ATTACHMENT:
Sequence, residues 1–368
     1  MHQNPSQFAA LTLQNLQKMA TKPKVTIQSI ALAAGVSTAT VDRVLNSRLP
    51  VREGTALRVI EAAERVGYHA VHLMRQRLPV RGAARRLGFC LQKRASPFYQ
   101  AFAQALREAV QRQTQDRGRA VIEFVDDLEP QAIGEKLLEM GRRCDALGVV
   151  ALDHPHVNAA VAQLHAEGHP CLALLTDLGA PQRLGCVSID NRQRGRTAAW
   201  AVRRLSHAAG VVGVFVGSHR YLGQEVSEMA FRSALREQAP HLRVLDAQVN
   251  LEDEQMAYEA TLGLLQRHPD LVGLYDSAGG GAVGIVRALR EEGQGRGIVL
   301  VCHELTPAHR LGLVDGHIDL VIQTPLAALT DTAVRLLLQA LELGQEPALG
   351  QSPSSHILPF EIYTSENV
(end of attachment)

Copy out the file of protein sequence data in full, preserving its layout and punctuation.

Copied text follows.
Sequence, residues 1–368
     1  MHQNPSQFAA LTLQNLQKMA TKPKVTIQSI ALAAGVSTAT VDRVLNSRLP
    51  VREGTALRVI EAAERVGYHA VHLMRQRLPV RGAARRLGFC LQKRASPFYQ
   101  AFAQALREAV QRQTQDRGRA VIEFVDDLEP QAIGEKLLEM GRRCDALGVV
   151  ALDHPHVNAA VAQLHAEGHP CLALLTDLGA PQRLGCVSID NRQRGRTAAW
   201  AVRRLSHAAG VVGVFVGSHR YLGQEVSEMA FRSALREQAP HLRVLDAQVN
   251  LEDEQMAYEA TLGLLQRHPD LVGLYDSAGG GAVGIVRALR EEGQGRGIVL
   301  VCHELTPAHR LGLVDGHIDL VIQTPLAALT DTAVRLLLQA LELGQEPALG
   351  QSPSSHILPF EIYTSENV